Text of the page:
Regardless of the length of a student’s writing, I think it is more important to teach students to develop their thoughts completely. If development of thought can come through length or formality then so be it. More important than length or formality would be for students to have a firm understanding about how to organize their ideas in such a way where they can effectively communicate their thoughts and ideas. I certainly don’t think that a teacher should only teach any one kind or length of writing, but the most often I hear the reason we should teach students to write lengthy formal essays is because that is the way they will have to write in high school, which in turn is how they will have to write in college. While I would say there can be value in getting a student dedicated to deeply investigating a certain topic through a longer writing assignment, I would never be willing to teach kids formal writing just because that is the way they do it in high school – there would have to be another purpose.

This almost starts to get at the “how many words should this be question.” I tend to find that when I say 500 words long, kids work to that end and stop. Sometimes they seem to like this better…it’s easy and sure. Usually, I say to make a plan and work to thoughtful response to the assignment and the feedback from their peers. This usually drives more from their thought process that my giving them a word count. Is this a formal text? Not really, but yes at the same time. I think many teachers panic when students deviate from the 5 paragraph essay that they know and understand. The belief seems to be that this serves their needs on the near future high stakes test that are demanded on students. I’m not sure that this serves them past this point.

I don’t think length is a point to pound home with any student. We need to look at the content of a students’ writing the most. If that means a paper has 8-10 pages to it, then so be it, but students need to learn how to sort out what is relevant and irrelevant details and information. Students need to produce well planned, thought out papers that get to the point.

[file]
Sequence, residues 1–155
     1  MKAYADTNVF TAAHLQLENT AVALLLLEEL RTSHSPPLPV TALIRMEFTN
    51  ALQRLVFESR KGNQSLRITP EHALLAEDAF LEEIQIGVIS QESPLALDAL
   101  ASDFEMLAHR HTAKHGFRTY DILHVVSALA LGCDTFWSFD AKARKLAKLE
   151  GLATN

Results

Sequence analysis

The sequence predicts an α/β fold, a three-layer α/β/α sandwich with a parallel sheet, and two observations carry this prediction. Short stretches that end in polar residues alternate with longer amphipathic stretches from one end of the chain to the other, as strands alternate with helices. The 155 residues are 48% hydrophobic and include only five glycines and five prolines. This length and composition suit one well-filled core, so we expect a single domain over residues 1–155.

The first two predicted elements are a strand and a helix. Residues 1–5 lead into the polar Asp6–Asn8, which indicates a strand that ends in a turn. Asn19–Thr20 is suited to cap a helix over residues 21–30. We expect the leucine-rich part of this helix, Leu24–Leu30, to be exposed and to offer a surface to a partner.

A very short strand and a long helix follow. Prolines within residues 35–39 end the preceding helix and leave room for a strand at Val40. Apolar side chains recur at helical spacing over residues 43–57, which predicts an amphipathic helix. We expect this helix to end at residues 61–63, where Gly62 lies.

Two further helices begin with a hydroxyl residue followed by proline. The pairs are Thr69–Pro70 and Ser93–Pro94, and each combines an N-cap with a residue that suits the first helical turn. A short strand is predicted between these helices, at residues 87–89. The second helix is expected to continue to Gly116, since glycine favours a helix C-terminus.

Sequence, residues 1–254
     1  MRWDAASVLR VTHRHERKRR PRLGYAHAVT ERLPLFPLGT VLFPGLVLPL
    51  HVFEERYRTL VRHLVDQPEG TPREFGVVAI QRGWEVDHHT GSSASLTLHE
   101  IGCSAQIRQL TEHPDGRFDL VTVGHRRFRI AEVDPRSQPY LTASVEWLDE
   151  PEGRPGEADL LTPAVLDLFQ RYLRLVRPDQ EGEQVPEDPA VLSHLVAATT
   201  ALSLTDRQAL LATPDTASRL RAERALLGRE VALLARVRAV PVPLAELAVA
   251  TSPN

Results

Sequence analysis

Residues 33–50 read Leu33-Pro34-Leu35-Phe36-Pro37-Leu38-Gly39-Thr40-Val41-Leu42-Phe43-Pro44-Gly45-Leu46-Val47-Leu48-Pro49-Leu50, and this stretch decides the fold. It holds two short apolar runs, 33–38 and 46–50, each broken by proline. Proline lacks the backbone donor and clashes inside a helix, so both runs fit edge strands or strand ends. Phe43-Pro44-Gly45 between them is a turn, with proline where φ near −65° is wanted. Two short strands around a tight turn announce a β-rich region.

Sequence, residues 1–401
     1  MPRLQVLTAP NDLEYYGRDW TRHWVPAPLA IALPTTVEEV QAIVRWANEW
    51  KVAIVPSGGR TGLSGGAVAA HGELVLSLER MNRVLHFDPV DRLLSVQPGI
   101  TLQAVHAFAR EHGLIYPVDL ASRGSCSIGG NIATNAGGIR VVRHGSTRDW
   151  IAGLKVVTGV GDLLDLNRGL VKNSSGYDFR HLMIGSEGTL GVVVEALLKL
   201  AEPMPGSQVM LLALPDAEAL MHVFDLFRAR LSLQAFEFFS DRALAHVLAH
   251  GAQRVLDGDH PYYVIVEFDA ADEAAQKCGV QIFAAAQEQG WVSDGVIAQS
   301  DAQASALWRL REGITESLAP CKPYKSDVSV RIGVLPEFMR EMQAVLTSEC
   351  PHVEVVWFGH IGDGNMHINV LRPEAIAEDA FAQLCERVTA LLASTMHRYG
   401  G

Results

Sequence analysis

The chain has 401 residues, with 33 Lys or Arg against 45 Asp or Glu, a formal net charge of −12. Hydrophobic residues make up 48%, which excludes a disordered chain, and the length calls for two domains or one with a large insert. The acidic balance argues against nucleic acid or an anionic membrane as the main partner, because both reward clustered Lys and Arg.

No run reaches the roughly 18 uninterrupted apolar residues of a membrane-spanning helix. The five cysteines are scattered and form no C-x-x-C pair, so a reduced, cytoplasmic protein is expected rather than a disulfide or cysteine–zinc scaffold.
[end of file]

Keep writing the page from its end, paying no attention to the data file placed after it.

• “Writing, Technology and Teens,” available at  https://www.pewresearch.org/internet/Reports/2008/Writing-Technology-and-Teens.aspx . ↩
  • For more on the latter, see “How Teens Do Research in the Digital World,” available at  https://www.pewresearch.org/internet/Reports/2012/Student-Research.aspx ↩

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What's the best state for you », students spend more time on homework but teachers say it's worth it.

Time spent on homework has increased in recent years, but educators say that's because the assignments have also changed.

Students Spending More Time on Homework

Make sure you understand your test answers, both right and wrong, in order to identify weaknesses and improve your overall score.

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High school students get assigned up to 17.5 hours of homework per week, according to a survey of 1,000 teachers.

Although students nowadays are spending significantly more time on homework assignments – sometimes up to 17.5 hours each week – the type and quality of the assignments have changed to better capture critical thinking skills and higher levels of learning, according to a recent survey of teachers conducted by the University of Phoenix College of Education. 

The survey of 1,000 K-12 teachers found, among other things, that high school teachers on average assign about 3.5 hours of homework each week. For high school students who typically have five classes with different teachers, that could mean as much as 17.5 hours each week. By comparison, the survey found middle school teachers assign about 3.2 hours of homework each week and kindergarten through fifth grade teachers assign about 2.9 hours each week. 

[ READ : Standardized Testing Debate Should Focus on Local School Districts, Report Says ]

By comparison, a 2011 study from the National Center for Education Statistics found high school students reported spending an average of 6.8 hours of homework per week, while a 1994 report from the National Center for Education Statistics – reviewing trends in data from the National Assessment of Educational Progress – found 39 percent of 17-year-olds said they did at least one hour of homework each day.

"What has changed is not necessarily the magic number of how many hours they’re doing per night, but it’s the quality of the homework," says Ashley Norris, assistant dean of the university's college of education. Part of that shift in recent years, she says, may come from more schools implementing the Common Core State Standards, which are intended to put more of an emphasis on critical thinking and problem-solving skills.